Back panel of the Paradigm Defiance X15 ported subwoofer.
In the app, you can also choose between three preset modes (movie, music, night), turn ARC on and off, apply (or bypass) a custom low pass filter, and more. A shortcut to the dedicated anthem room correction app is also provided.


Paradigm provides comprehensive placement and set up instructions in the manual. The company also happens to suggest using two subwoofers, if you have the space in the budget. There certainly are advantages to using dual subs that go beyond added output, namely the reduction of peaks and dips in response that are caused by interactions with the room.

Interestingly, I found little difference between using the built-in microphone on my iPhone and the supplied calibration mic. So, if you have an iPhone, you can probably calibrate this subwoofer in a minute whenever you want. Not that there’s any need to, but it would be possible. The calibration created a custom curve that, when measured at the main listening position, resulted in a significantly flatter frequency response in the bass region— at least as good a result as I’d expect from a high-end AVR or pre/pro.

The set up of any subwoofer is going to depend on room acoustics and placement options, so I won't get into the specifics of how this subwoofer interacted with my particular room. What's important is that with room correction and EQ, you can clearly improve performance (subjectively and objectively) using the provided tools and advice.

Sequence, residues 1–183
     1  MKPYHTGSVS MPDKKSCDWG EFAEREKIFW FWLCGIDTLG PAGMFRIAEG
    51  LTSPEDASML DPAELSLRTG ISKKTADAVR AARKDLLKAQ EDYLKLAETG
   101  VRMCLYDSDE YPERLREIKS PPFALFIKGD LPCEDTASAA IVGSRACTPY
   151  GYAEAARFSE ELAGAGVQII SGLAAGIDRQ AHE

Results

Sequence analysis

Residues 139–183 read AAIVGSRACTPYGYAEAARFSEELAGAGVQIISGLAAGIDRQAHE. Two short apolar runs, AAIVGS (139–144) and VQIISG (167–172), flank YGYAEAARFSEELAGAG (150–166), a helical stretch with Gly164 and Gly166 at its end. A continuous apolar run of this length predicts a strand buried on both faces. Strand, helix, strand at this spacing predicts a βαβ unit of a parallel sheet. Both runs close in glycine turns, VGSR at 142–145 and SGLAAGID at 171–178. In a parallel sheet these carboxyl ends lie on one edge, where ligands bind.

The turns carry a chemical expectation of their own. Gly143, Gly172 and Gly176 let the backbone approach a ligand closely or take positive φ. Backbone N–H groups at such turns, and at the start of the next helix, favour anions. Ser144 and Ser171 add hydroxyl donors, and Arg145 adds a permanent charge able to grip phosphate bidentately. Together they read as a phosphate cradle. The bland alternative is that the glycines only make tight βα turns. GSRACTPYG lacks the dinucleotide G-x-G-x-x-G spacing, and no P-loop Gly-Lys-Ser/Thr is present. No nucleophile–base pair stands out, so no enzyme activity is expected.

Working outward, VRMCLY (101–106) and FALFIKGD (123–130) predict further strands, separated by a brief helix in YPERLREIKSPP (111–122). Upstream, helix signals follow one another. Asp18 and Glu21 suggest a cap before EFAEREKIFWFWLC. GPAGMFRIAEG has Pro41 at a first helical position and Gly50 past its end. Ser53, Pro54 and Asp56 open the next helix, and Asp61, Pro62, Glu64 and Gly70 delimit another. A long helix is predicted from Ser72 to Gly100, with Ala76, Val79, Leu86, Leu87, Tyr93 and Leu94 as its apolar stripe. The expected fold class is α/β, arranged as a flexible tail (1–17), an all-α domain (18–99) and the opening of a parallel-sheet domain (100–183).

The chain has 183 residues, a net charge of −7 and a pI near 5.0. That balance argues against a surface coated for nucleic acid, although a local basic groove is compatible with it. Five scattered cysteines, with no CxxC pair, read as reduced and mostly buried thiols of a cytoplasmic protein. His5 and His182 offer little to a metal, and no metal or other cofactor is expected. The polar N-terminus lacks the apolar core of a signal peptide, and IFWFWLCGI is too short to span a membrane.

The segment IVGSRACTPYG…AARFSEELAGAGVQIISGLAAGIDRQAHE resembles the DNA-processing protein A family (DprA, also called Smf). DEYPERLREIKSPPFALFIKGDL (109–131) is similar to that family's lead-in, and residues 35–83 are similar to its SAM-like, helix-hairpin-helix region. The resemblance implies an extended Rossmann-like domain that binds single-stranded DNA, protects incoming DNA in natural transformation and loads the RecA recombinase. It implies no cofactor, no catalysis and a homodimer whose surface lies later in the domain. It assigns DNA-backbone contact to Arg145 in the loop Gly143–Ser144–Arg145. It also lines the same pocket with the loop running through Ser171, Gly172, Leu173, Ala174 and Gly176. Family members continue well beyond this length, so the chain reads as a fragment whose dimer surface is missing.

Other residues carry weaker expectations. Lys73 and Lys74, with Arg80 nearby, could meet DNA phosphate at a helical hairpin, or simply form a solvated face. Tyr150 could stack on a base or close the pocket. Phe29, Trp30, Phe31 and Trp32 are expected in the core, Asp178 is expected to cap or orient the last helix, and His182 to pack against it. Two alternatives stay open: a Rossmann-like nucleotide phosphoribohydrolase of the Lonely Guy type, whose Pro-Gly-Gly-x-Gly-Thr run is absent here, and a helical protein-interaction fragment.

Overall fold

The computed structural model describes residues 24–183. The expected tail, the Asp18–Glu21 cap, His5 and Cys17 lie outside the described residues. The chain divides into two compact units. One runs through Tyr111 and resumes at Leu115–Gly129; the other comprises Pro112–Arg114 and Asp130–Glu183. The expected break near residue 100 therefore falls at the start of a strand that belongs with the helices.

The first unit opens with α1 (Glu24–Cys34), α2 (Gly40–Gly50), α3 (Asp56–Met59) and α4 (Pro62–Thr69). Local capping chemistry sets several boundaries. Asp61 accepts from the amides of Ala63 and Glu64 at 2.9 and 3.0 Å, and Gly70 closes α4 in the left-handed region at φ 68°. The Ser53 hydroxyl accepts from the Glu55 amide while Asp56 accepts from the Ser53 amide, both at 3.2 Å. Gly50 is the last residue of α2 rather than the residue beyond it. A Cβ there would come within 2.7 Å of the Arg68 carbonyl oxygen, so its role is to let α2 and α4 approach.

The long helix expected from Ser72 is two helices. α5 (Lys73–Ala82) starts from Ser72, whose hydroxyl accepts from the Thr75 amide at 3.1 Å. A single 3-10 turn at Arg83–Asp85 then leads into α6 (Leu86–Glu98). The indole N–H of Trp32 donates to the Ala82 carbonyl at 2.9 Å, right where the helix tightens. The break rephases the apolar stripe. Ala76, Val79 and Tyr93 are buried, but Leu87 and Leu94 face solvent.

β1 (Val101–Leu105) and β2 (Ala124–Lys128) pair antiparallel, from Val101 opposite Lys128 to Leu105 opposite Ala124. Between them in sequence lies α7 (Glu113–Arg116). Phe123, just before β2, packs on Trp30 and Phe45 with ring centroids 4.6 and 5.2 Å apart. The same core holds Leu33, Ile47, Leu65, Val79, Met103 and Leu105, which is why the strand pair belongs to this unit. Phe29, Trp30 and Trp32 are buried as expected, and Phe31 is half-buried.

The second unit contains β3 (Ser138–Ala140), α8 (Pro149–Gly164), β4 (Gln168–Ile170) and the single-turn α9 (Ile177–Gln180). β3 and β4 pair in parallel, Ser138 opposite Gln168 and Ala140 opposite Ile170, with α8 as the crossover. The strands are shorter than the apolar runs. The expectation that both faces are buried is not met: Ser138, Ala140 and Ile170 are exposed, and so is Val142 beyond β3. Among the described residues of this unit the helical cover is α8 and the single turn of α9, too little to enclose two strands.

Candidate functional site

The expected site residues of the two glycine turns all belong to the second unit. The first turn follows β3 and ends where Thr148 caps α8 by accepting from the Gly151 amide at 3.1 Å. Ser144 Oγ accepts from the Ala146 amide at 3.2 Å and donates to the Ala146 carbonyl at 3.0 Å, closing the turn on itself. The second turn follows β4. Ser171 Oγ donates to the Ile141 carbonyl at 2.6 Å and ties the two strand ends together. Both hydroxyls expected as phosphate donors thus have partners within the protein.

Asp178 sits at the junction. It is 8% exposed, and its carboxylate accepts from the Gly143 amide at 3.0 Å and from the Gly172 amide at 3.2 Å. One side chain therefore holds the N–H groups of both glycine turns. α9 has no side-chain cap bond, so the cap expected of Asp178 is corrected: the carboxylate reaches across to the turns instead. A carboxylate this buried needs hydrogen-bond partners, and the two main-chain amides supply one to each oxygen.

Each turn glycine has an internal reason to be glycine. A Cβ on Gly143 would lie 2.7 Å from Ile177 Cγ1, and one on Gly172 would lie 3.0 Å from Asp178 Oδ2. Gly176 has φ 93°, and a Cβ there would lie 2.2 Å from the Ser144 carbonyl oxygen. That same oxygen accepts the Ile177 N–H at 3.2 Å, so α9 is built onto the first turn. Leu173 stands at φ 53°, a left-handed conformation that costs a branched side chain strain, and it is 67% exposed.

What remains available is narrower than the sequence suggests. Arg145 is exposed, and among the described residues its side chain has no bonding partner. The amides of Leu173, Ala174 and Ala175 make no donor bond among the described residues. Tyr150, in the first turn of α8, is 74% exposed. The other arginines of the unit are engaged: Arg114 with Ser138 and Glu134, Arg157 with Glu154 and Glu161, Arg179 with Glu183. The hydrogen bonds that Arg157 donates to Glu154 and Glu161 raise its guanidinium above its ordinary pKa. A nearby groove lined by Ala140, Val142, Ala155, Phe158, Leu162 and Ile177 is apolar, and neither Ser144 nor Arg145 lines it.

Hands-On Impressions

This is one heck of a powerful subwoofer! In my living room, it delivered plenty of tight, detailed, impactful bass. Indeed, I never maxed it out during real-world use, the only time I pushed his limits was while testing it out.

I do not have the capacity to run CEA-2010 tests on subwoofers due to my urban living arrangements. Fortunately, Dennis Burger at Home theater review performed those measurements in his review —twice, he says, because at first he didn't believe how much output the Defiance X15 provided. And if you are the sort to compare subwoofers on data-bass, what you'll see is this subwoofer is a championship-caliber performer even at 25 Hz, and among the top of the heap for consumer/retail 15" subwoofers in the 30 to 80 Hz range (that are found in that list).

The clear implication of the CEA-2010 numbers is that this subwoofer does deliver what Paradigm promises, when it comes to extracting output from the 15 " driver.

Subjectively speaking, I had no issues whatsoever with the 16 Hz bass coming out of this speaker—it can dig deeper than port tune.

I've read plenty of debates about whether subwoofers should or should not be described as fast or slow or sloppy or tight or whatever. In the end, the quality of the bass that you achieve is directly tied to the physical capabilities of the subwoofer, as well as the processing used to integrate it. And with this subwoofer, Paradigm leaves little on the table. The main thing that this subwoofer does not do, is explore the infrasonic realm with the confidence that high-powered sealed subs do. This is no surprise, even though the defiance X 15 is large, it's the tuning is what allows it to hit those high SPL numbers above 20 Hz. Any vented subwoofer that tries to play below port tune is going to run into large amounts of distortion and this Paradigm is not an exception.